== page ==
This year, April 30 transpired on a Saturday which has subsequently extended the R&D tax incentive registration deadline to today (2 May 2016). Moreover, as it is a public holiday in Queensland today, Queensland-based entities may lodge registrations until tomorrow (3 May 2016).
As per previous years, the R&D tax incentive registration deadline is 10 months after a company’s financial year end. Thus, for companies with a June 30 financial year-end, they will typically need to register their R&D activities with AusIndustry before April 30. However, as noted above, due to this date occurring on weekend the date has been protracted.
Essentially, any Australian firm developing or improving products, processes, or software, may be eligible for the incentive. Yet as at June 2014, fewer than 12,000 performing entities had registered for its benefits. This is particularly so as the R&D tax incentive is an often overlooked prospect for small and medium sized companies (SME) and start-ups, with many erroneously believing they are not eligible.
Historically, the R&D tax incentive was actually formed with a key goal of making government investment for innovation more attainable to small businesses. In its current form, the R&D Tax incentive is an easily accessed, yet overlooked, program that can provide generous benefits to eligible companies. In fact, the refundable (‘cash out’) component of Australia’s R&D incentive is the most generous when compared to other OECD countries around the world. Ultimately, the research and development (R&D) tax incentive can result in very significant cash refunds and tax offsets for a business which can drive its future revenue growth.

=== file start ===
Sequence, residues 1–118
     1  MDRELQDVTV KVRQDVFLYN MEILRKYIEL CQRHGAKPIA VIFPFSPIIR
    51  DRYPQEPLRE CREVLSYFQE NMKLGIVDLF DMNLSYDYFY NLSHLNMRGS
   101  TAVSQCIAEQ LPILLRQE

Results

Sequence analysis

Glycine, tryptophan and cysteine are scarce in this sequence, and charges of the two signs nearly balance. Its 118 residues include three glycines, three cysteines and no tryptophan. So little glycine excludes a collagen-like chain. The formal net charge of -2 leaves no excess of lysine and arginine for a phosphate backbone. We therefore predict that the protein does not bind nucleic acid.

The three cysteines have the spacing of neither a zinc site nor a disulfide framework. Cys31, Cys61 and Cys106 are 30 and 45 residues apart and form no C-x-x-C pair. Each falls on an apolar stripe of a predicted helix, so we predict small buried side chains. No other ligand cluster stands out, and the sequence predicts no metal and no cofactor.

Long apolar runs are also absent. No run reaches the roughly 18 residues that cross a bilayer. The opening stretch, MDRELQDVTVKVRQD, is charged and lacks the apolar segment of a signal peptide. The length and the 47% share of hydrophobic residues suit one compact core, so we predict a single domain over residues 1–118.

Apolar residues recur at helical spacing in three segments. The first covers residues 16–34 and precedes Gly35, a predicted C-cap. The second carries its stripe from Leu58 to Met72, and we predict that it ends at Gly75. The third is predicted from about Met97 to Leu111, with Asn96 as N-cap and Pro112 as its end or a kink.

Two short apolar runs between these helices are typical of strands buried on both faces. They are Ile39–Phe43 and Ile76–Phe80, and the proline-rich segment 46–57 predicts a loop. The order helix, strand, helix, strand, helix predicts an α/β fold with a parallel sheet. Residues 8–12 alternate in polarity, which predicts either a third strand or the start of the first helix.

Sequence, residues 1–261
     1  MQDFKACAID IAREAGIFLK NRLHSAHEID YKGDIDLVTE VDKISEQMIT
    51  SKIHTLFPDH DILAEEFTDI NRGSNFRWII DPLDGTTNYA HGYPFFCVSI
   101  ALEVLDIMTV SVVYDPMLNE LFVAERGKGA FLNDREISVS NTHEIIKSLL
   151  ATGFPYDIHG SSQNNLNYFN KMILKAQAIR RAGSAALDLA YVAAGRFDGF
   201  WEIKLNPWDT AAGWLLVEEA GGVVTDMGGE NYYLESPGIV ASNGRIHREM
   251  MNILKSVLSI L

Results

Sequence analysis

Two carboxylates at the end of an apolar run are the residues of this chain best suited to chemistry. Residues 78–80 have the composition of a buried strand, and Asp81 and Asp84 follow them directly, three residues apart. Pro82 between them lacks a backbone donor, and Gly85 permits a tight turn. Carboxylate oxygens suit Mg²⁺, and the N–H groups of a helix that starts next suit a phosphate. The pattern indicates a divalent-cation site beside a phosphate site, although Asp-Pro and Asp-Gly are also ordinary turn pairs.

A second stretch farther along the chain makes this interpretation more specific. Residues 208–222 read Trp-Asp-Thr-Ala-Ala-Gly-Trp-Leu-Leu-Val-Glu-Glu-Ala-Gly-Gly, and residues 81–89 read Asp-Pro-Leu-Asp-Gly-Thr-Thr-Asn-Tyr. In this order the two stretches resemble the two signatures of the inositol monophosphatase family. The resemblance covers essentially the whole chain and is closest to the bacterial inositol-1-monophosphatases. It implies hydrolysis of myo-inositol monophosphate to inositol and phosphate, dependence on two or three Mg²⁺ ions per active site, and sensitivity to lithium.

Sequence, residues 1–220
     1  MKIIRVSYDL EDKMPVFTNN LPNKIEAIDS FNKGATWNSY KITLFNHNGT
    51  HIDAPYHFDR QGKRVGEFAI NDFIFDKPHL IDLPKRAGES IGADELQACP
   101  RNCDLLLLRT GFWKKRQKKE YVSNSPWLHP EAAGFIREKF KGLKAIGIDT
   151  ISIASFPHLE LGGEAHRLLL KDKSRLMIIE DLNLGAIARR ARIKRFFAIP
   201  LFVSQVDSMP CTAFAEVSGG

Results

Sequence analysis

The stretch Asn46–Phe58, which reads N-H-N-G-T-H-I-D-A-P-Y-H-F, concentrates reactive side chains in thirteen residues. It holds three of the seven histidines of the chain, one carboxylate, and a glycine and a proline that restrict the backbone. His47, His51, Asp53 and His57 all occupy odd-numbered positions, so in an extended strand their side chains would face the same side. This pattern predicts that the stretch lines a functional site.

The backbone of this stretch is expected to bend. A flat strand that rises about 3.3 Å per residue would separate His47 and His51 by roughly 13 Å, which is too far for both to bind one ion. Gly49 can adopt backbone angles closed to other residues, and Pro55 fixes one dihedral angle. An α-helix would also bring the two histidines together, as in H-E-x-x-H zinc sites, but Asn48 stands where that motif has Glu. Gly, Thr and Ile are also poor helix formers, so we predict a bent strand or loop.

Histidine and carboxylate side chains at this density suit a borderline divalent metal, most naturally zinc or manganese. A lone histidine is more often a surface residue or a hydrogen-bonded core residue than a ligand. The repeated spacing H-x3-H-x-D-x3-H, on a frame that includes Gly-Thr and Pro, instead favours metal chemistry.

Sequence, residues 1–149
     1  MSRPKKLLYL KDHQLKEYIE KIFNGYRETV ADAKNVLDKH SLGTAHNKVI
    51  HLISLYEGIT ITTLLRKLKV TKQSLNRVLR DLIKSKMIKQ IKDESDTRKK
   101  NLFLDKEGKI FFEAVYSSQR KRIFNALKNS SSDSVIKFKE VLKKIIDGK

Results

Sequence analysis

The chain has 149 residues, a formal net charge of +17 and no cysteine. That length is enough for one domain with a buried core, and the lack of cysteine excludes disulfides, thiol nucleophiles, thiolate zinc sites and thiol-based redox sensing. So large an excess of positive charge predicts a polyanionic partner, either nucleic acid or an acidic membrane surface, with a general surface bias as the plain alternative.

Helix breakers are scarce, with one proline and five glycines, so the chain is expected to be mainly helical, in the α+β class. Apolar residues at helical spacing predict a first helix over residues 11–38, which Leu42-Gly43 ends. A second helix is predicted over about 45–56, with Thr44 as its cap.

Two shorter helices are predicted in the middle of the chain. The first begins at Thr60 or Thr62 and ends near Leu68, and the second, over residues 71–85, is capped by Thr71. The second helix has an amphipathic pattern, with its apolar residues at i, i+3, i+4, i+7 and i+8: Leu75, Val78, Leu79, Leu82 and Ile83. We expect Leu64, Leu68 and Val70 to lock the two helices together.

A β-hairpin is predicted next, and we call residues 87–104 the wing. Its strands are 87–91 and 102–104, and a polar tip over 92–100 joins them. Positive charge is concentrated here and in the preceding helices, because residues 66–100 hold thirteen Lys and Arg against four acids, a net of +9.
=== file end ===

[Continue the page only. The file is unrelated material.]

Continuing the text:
Nonetheless, to access these benefits, a company must register their R&D activities with AusIndustry. This is the vital first step in accessing the program. These activities can either be classified as core R&D activities or supporting R&D activities. Core R&D activities are the experimental activities undertaken to generate new knowledge. In contrast, supporting R&D activities are the activities that relate directly and support your core R&D activities.
If you intend to register and claim the R&D Tax Incentive, you must keep adequate records to demonstrate to the ATO and AusIndustry that you did carry out eligible R&D activities and that you did incur eligible expenditure. With higher levels of review activity and scrutiny by AusIndustry and the ATO, companies need to focus on, and be able to, reinforce and substantiate their R&D claims with suitable records and contemporaneous documentation in the event of an audit.
With the registration deadline for activities today (and tomorrow for QLD applicants), don’t miss out on lodging your activities for the 2015 financial year. What tax savings could you inject into your business?
Swanson Reed specialises in the R&D Tax Incentive – contact us today to discuss your eligibility and learn more about how the R&D Tax Incentive may benefit your business.